Registrations for vaccine open, but the wait continues

- May 3, 2021
| By : Sashikala VP |

For the 18 to 45-year-olds left out of the vaccination process, India’s phase 3 of the vaccination drive has brought hope, however shortages in vaccines is not making things easy Even as the Covid crisis deepens in the country,  Delhi is seeing colossally high daily positive cases (20,394 on 1 May) and a grim rise […]

With vaccinations opening for people aged 18-45 the capital is facing a new problem, lack of open slots for vaccination PHOTO:Getty

For the 18 to 45-year-olds left out of the vaccination process, India’s phase 3 of the vaccination drive has brought hope, however shortages in vaccines is not making things easy

Even as the Covid crisis deepens in the country,  Delhi is seeing colossally high daily positive cases (20,394 on 1 May) and a grim rise in the death rate (407 reported for 1 May). Now, with 301 centres opened up in 36 schools for the next phase of the vaccination drive, according to Deputy Chief Minister Manish Sisodia, people are vying for slots to receive the jab.

According to data by the Ministry of health and family welfare, Delhi has consumed 34,59,458 doses including a wastage of 3.96% till now.

But one can see that the opening up of the phase 3 for the younger age group is already seeing many takers with over 26 lakh (26,13,232) doses being administered in the last 24 hours as on 3 May (7am) in Delhi itself. Compared to that, the recipients of the second dose of the vaccine were only 7,11,690 in the same time frame.

Around 1.5 crore people are targeted to be vaccinated in Delhi, of which 32 lakh have received at least one dose so far. According to news reports, the Delhi government is taking the help of the voters’ list to ascertain the number of eligible beneficiaries. It puts into account around 60 lakh people aged above 45 years.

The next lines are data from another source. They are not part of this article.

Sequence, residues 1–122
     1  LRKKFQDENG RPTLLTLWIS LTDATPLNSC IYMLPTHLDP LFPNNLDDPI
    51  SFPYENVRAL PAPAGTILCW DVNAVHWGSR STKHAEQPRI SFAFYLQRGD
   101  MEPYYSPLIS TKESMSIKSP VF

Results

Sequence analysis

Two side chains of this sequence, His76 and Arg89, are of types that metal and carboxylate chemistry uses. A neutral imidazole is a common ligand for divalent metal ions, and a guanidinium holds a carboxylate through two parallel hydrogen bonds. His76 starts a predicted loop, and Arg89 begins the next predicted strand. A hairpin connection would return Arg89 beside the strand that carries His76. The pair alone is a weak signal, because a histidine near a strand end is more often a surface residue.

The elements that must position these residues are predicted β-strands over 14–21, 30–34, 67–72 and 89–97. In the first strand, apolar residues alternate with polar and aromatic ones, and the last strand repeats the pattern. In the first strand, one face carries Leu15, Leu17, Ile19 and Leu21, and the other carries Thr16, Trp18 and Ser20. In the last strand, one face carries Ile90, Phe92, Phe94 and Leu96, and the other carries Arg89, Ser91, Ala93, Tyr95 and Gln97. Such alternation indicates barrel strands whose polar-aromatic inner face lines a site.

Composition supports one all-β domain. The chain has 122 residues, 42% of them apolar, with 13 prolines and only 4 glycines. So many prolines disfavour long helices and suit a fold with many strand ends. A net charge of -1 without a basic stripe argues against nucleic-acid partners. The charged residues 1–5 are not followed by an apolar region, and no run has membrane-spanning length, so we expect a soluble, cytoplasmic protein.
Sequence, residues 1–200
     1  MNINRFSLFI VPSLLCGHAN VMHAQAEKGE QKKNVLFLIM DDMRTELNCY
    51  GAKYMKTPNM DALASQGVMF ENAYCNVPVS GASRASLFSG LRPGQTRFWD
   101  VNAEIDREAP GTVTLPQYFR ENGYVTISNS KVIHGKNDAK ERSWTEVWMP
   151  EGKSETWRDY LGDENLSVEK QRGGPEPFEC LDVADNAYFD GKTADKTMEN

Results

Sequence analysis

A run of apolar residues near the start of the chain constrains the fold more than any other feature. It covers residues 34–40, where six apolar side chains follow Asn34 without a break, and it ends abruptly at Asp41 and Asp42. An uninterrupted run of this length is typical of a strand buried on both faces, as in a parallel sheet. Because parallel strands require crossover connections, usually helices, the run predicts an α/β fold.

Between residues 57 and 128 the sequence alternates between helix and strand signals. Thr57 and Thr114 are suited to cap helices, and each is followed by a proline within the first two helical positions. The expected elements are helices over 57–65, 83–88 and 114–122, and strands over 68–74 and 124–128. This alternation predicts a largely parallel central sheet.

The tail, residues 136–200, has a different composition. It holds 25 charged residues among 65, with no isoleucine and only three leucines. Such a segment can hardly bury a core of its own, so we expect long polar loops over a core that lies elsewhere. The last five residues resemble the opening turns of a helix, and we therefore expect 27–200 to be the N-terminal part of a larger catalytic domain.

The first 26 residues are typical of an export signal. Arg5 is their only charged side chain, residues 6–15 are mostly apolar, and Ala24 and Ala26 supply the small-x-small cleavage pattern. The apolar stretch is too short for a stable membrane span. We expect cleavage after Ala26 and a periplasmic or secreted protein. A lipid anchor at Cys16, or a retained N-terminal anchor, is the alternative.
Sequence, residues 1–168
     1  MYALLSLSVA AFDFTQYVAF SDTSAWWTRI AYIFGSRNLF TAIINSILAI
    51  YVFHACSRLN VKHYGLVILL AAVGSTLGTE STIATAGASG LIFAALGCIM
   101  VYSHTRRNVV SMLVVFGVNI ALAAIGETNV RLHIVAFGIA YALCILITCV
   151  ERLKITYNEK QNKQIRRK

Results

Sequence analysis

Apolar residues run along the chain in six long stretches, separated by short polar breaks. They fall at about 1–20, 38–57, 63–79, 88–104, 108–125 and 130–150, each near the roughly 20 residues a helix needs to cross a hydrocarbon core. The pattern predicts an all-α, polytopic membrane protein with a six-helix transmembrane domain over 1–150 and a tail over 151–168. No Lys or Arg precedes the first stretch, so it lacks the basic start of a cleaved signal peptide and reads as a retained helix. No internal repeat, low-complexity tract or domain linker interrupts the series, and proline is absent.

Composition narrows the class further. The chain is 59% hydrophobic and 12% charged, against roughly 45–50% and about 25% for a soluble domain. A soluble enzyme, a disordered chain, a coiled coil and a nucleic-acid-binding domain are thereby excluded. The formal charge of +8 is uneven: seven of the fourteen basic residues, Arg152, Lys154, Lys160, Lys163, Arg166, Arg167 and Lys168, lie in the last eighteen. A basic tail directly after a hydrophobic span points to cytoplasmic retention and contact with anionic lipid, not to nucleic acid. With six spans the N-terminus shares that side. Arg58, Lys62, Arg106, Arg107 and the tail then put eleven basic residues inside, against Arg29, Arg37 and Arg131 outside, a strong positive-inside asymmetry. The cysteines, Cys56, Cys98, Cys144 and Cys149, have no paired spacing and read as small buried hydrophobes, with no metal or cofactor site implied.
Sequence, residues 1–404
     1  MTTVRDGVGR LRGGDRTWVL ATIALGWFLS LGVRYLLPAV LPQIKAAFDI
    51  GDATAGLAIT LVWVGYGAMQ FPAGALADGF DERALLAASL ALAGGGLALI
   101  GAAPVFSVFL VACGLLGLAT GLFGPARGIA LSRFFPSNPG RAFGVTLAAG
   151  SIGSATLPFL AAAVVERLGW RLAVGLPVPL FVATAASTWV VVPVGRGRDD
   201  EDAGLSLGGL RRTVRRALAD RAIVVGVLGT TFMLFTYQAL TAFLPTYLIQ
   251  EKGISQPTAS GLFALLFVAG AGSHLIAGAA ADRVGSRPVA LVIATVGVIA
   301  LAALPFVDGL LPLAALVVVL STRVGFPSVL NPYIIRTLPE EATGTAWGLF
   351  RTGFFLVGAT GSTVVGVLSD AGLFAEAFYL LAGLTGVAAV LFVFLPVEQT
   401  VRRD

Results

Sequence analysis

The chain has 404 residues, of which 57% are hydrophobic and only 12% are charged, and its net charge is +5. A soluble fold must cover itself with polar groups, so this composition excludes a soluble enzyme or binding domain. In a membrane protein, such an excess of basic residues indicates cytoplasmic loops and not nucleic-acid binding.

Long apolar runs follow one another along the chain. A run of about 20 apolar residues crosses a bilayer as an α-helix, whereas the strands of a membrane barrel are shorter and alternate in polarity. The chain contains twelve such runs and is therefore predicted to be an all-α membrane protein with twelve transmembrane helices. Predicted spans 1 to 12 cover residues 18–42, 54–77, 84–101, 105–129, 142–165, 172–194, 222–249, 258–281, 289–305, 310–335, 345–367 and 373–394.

Taking that into consideration, and central ministry data, which puts the population of Delhi as on 1 October, 2020 at 2.04 crores (2,04,14,000) there are then at least 1.4 crore of 18-45-year-olds to be vaccinated in the city. A huge feat, which the Delhi government says it wants to finish in three months.

Arpit Shivhare, a 25-year-old working in a government agency will be one of those getting vaccinated soon. He says he is desperate to get vaccinated, seeing as this is the only way to be safe from Covid. While reluctant before, when the months of January and February had shown positive cases in the triple digit (even till 22 March which were 888 positive cases in 24 hours) now, his thoughts on the vaccine and even his colleagues are quite different he admits, “you are seeing people dying every day. There is no other option but to get vaccinated.”

The CoWin app where one has to register for the vaccination opened on April 28 for phase 3. The government said more than 1.3 crore Indians successfully registered themselves the day registrations began.

“I got myself registered on the 30 and started looking for slots, but there were none available”, Shivhare says, going on to tell us how he finally managed this task.

“When I checked again the next day, in the morning, all the slots were gone. I finally got one later at Park hospital on 1 May  itself. I chose 3-6 pm and got a confirmation text and everything. But I was sceptical so I looked up their number and called them up. As soon as I mentioned the words Covid vaccination, I was told ‘vaccines nahi aayi hain’ (vaccines haven’t come yet) and then he hung up”.

Shivhare believed he would have no luck until the next month as the CoWin app showed no slots were available for the entire month of May. But this situation changes every hour, he says. The next day he was successful in booking himself for vaccination at Atal Adarsh Vidyalaya for May 4.